Creating a wildlife haven one plant at a time

Friday, September 7, 2012

Partridge Pea

Sometimes not weeding your garden has its benefits. This summer we left an area of the garden go "wild". What we discovered is that a native volunteer found its way into our garden.


This is a Partridge Pea (Chamaecrista fasciculata) sometimes known as a sensitive plant or sleeping plant. The leaves close at night and are also sensitive to the touch, hence their moniker. It is a native to the Eastern United States and grows as an annual in sun and poor soil.


I found it flowering in July and August, attracting pollinators from bees to butterflies as well as other insects.


If the blooms don't convince you that this wildflower is a member of the pea family (because frankly they don't resemble those blooms) then thin pea pods that show up in fall will. Game birds and song birds readily eat the seeds, hence the name Partridge Pea.

The Partridge Pea's long taproot makes it drought tolerant and also an excellent plant for erosion control; however, because of the long taproot it does not transplant well. It usually reseeds easily but since I would like to add this plant to other areas of my garden I will need to gather some seeds which is best done in mid-fall.

Four species of butterflies use this plant a a host: Orange Sulphur, Cloudless Sulphur, Gray Hairstreak and Little Yellow. All four of these are living in my region.


This is the Cloudless Sulphur caterpillar which seems to like the pea pods just as well as the leaves.


I found 10 of these caterpillars munching away at the leaves, pods and stalks. Once they are big and fat they will sneak off to make their chrysalis and become the Cloudless Sulphur Butterfly. Despite their bright coloring these caterpillars camouflage amazingly well on this plant, their colors blending with the bright yellow blooms and blue green foliage.


This plant is definitely a winner with two months of blooming flowers providing nectar for the pollinators while also serving as a host plant for sulfur caterpillars plus a source of food for the birds. This beautiful native plant is moving to the front of the flower bed in my garden!

28 comments:

  1. i was thrilled to spot a few partridge pea plants in a ditch near our home one year here! had to do all sorts of internet searches before i found what they were. so pretty. those caterpillars are pretty, too!

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    1. They are common in ditches around here and its a good thing since they help with erosion control. I have been looking around in the empty lots around our house to see where this one may have come from but haven't found anything yet.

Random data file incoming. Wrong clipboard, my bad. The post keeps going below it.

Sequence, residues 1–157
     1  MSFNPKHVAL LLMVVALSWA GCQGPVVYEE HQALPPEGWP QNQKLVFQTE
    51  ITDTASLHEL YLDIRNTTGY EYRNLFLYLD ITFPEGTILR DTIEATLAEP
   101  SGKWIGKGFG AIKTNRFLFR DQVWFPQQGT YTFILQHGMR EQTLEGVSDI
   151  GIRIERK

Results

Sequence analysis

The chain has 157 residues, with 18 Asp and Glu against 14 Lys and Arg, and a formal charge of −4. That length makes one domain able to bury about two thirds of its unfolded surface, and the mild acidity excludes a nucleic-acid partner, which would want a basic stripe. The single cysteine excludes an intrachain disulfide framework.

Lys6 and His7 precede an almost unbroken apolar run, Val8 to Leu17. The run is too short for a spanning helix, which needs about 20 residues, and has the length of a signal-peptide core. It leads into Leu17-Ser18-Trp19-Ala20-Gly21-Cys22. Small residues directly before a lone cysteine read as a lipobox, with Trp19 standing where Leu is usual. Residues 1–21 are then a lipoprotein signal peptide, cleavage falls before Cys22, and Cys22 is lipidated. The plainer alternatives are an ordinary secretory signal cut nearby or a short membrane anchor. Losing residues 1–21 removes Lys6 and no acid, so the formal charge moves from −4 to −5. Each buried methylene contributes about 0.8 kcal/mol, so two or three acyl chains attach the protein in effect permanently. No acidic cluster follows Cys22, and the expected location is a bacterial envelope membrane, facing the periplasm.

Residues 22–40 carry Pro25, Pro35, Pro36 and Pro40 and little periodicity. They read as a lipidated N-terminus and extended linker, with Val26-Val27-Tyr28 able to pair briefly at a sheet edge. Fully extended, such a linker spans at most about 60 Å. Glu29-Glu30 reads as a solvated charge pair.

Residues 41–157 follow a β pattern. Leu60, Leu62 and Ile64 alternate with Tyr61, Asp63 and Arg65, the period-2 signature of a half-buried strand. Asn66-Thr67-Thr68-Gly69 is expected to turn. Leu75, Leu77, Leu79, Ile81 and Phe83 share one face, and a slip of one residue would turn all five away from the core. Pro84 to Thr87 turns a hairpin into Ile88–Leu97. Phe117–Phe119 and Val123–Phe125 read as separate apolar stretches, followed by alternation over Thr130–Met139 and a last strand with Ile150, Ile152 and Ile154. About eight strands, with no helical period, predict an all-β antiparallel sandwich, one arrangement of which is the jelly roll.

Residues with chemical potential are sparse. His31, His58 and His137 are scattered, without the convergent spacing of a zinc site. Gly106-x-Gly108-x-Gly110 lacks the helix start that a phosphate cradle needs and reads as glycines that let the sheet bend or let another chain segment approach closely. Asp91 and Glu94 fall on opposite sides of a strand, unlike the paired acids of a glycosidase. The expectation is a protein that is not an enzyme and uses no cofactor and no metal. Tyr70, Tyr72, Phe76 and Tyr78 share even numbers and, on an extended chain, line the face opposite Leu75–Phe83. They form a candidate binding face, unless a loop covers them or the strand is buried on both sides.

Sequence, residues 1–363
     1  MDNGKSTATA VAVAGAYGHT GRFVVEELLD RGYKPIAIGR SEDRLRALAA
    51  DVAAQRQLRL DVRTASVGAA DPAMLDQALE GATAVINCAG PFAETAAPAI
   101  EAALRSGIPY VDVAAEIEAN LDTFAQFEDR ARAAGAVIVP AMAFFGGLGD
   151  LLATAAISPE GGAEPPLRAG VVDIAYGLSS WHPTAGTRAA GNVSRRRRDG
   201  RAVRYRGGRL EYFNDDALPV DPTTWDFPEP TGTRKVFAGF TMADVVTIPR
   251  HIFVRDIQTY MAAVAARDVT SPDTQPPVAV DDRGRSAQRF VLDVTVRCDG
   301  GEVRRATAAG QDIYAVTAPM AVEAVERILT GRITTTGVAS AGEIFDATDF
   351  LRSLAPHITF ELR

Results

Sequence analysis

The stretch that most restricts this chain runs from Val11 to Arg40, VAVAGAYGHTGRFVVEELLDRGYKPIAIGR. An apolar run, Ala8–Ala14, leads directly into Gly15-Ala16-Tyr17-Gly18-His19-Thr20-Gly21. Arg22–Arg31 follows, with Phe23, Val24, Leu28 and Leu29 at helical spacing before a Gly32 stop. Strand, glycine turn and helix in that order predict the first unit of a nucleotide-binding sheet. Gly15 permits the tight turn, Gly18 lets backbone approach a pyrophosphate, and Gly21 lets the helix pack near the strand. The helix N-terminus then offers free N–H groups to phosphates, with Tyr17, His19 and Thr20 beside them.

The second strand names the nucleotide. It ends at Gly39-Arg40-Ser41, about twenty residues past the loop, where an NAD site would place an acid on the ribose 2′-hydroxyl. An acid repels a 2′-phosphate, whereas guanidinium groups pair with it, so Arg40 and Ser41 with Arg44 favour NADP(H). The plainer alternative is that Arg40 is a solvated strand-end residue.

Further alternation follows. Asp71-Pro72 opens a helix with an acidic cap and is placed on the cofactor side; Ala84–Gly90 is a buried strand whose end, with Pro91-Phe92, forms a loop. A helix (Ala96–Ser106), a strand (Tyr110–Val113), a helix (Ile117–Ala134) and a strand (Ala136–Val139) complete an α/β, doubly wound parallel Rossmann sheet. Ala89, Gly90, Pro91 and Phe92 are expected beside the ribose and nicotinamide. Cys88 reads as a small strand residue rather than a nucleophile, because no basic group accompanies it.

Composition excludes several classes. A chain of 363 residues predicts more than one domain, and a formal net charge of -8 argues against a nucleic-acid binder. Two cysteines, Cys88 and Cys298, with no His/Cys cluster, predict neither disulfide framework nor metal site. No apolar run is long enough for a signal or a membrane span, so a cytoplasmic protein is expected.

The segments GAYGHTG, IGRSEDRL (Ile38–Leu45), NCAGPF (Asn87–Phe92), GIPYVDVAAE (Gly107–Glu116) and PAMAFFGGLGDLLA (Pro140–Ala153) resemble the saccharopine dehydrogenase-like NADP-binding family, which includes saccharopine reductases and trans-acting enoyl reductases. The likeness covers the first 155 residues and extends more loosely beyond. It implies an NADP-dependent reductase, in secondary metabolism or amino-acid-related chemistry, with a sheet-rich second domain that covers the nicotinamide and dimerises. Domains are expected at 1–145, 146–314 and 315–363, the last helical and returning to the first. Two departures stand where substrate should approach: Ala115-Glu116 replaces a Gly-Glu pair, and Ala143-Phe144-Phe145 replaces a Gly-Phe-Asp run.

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  2. I think I have this plant in my 'garden' (I guess I should say on my property) though I am not sure if I have seen it bloom. Need to pay better attention. What a cool cat too, again, don't remember having seen one of them either. Interesting post, love it!!

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    1. Thanks Janet! I admit I didn't really pay much attention to this wildflower until it ended up in my garden. Now I am a big fan!

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  3. This is a wonderful plant and I definitely need some in my garden. It does grow in this area. Maybe next spring...

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    1. I don't know how easy it is to find this plant. I don't recall ever seeing it at any native plant sales before, do you? I am going to try to save some seeds if the caterpillars don't eat them all :)

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  4. We are doing the same thing--leaving an area untouched. I haven't found anything as interesting as this plant growing. Butterfly caterpillars fascinate me.

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    1. I was super excited to see cats on there. I was wondering since I saw some sulphur butterflies on it a few weeks ago.

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  5. What a treat...I let some areas go wild and many natives volunteer and set up residence...they make a better gardener than I do sometimes...love that caterpillar and those flowers

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    1. So true Donna! Many times Mother Nature has a better plan than I do! I make a point of learning from her wisdom!

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  6. And again I say, I hope you get your wonderful photos published somewhere...